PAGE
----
Current Reading Mood: Urban Fantasy
Quote of the day: “I’d have been dead a long time ago if not for my friends, one of whom had just jumped off the cliff after me.
I’d have been a lot more appreciative if he hadn’t pushed me first." Cassandra Palmer ― Hunt the Moon by Karen Chance
Every week or two, Terry wakes up in a different time. She’s been ‘switching’ — that’s her word for time traveling — for the past eight months, and she has no recollection of her life before then. She doesn’t know who she is, why she’s time traveling, how to get home, or even when home is.
Then Terry meets some fellow travelers and finds out she’s not alone… and that there might be a way to get home. But the others have their own agendas, and Terry needs to be careful where she places her trust. She finds herself falling for one traveler, but a terrible secret bars his way home. Another traveler is growing desperate, and he doesn’t care who he uses in his attempt to get home… even if it puts them all in danger. Can Terry find a way home before he tries something dangerous? Or will he prevent her from getting home at all?
I kept my eyes closed as I drifted awake, letting my other senses feel out my surroundings first. I was someplace clean, which was wonderful, and it had a nice homey smell, like a house or an apartment. And the silence was equally wonderful: no people coughing, muttering, or worse, tripping over me.
The smart thing to do would have been to open my eyes right away, but waking up with a nice, safe, warm feeling was something that happened rarely, and I wanted to make it last. I luxuriated in those few moments of peacefulness, trying to ignore the fact that as soon as I opened my eyes, I’d have to figure out where I was. I lay still, shoring up my strength to face reality. Or whatever it was you could call my life, which was probably as far from reality as a person could get.
I wished I could draw out my enjoyment of the moment, but there was a little thing called survival demanding my attention. Tentatively, I opened my eyes. I was lying on a sofa in someone’s living room, with gentle sunlight streaming through the window. A crocheted blanket covered me. It was an ugly blanket, at odds with the modern décor of the rest of the apartment. There were lots of wooden surfaces and plants, and light gleamed off the polished, pale wood floor. I pushed myself up on one elbow to look around.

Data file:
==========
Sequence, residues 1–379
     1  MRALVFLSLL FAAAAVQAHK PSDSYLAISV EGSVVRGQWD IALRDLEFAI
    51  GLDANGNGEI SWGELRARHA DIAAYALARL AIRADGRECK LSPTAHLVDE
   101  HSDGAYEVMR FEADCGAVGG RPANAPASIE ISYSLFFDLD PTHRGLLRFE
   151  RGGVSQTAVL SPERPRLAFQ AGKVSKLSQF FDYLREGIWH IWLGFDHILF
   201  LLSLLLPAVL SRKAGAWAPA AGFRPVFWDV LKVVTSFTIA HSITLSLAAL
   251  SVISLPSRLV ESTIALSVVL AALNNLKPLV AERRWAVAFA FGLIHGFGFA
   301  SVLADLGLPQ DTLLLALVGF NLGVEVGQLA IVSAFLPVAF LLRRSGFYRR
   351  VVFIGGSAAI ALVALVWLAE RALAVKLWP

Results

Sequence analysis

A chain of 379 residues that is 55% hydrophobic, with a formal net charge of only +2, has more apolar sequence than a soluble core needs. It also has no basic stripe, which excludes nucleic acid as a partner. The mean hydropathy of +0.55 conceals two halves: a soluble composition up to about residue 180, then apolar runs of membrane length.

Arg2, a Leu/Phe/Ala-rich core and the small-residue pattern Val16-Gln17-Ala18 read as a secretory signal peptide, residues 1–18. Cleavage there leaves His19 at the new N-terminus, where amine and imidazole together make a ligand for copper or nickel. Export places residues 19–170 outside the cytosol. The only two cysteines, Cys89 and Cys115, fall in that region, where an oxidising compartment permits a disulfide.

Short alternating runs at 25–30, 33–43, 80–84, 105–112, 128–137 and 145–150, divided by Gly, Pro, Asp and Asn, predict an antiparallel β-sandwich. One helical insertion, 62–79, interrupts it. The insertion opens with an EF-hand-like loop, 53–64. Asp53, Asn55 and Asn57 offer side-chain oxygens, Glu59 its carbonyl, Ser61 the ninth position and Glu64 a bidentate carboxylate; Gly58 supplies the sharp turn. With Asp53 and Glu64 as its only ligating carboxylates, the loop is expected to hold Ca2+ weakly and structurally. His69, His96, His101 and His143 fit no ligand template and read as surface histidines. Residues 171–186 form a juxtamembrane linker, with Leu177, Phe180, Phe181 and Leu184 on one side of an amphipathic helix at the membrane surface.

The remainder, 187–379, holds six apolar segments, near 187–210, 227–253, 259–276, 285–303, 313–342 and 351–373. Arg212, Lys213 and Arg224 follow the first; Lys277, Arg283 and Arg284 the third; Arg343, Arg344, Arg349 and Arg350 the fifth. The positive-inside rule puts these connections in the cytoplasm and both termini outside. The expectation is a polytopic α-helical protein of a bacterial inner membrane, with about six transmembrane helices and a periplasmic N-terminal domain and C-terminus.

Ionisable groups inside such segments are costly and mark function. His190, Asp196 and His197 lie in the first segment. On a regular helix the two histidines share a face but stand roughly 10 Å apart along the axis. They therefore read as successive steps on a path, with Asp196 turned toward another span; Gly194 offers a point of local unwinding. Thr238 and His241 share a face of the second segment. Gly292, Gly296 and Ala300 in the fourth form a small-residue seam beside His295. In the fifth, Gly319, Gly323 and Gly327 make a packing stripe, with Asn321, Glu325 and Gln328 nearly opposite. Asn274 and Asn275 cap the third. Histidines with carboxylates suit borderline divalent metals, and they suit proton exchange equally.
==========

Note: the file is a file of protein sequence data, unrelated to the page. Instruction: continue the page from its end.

The lack of ornamentation told me it was a guy’s apartment. There were shelves with books and CDs (CDs, okay, first clue as to what decade I was in), a desk with a computer that looked like an old 486 — already, I was picking up on the rest of the clues.
And then, on the coffee table in front of me, was the best clue of all: a newspaper. Happily, I reached for it. Saturday, September 20, 1992.
The early 1990s — an okay place to be, I supposed, although in a way it didn’t make much difference. The plus side was that clothing-wise, I wouldn’t look like I’d stepped out of the wrong decade; pretty much anything went in the nineties. The downside was that my money wouldn’t go as far as it did in my last switch. I only had a few dollars in my purse, which would get me coffee and maybe a donut if I went someplace cheap.
Then again, I was in an apartment, which meant there would be food! Was I alone; could I go rooting through the kitchen?
I heard footsteps, and before I had time to prepare myself, a door opened.
The guy gave a shout of surprise when he saw me. I almost did too; he was naked.
The door closed again. I sat up, making sure I was fully clothed. I was, of course; I never let myself fall asleep any other way. The strap of my backpack was hooked around my ankle, as it should be. My heart always skipped a beat when I checked to make sure it was there.
Quick, think up a story, I told myself.
The door reopened and the guy stepped out, this time wearing jeans and a rumpled, gray T-shirt. He hadn’t bothered to put on socks.
“Who are you?” he asked. He had dark, floppy hair, about cheekbone-length, still messy from sleeping. His eyes were a nice, warm brown color, but a little bloodshot. Hopefully that meant he was hung over. “I mean… sorry…” He put his hands to his head and rubbed his temples. “I don’t remember…”
Hangover, perfect. I exhaled a sigh of relief. “I’m Terry,” I introduced myself. “You said I could crash here. You don’t remember?”
“No…” he said, looking confused. “I mean, I remember being at the bar, but I don’t even remember meeting you. Was I that drunk?”
“Um,” I said, wondering what would make the most believable story. “You didn’t seemthat drunk…”
“Oh, man,” he groaned, running his fingers through his hair. “I guess I must have been, because I don’t even remember leaving. I mean, wait, I do… but I thought I left alone…” He looked more confused.
“Why don’t I make us some coffee?” I offered, hoping I could forestall any more recollections of the previous night. Like the fact that he probably had left the bar alone, and not only that, had walked through his front door alone. It was best to move the conversation along, even though he was unlikely to guess that a stranger had appeared on his sofa in the middle of the night without coming through the door.
I got up and walked into the kitchen, which was small but clean. He followed me in. Seeing him in the daylight, I noticed he had a bit of a rough-night kind of look. Thank goodness for hangovers. On other people, that was; I’d never had one myself. Besides the fact that I had no ID, getting even a little bit drunk would be a massive risk. Waking up in random times and places was difficult enough without throwing in even more disorientation, not to mention potentially bad decision-making.
I located the coffee maker and went about putting in a paper filter and a scoop of coffee. “So, um…” Drat, I didn’t know his name. “Do you want me to… make some breakfast?” Please say yes. My stomach was already growling.